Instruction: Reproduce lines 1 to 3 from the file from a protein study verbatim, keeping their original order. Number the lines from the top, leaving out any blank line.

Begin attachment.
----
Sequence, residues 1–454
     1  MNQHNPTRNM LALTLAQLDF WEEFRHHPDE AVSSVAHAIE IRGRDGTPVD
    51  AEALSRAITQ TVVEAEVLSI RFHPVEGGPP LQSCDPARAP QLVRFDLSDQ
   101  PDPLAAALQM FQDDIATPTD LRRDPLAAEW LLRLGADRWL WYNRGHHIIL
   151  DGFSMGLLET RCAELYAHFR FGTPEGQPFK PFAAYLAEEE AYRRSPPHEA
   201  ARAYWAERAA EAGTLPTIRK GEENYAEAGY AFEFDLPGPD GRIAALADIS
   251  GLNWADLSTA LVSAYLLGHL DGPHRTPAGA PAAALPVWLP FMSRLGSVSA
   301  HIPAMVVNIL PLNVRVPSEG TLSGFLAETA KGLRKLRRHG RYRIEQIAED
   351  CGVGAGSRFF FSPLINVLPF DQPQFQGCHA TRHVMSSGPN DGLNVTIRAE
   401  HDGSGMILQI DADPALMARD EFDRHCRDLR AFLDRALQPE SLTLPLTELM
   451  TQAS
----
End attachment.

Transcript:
Sequence, residues 1–454
     1  MNQHNPTRNM LALTLAQLDF WEEFRHHPDE AVSSVAHAIE IRGRDGTPVD
    51  AEALSRAITQ TVVEAEVLSI RFHPVEGGPP LQSCDPARAP QLVRFDLSDQ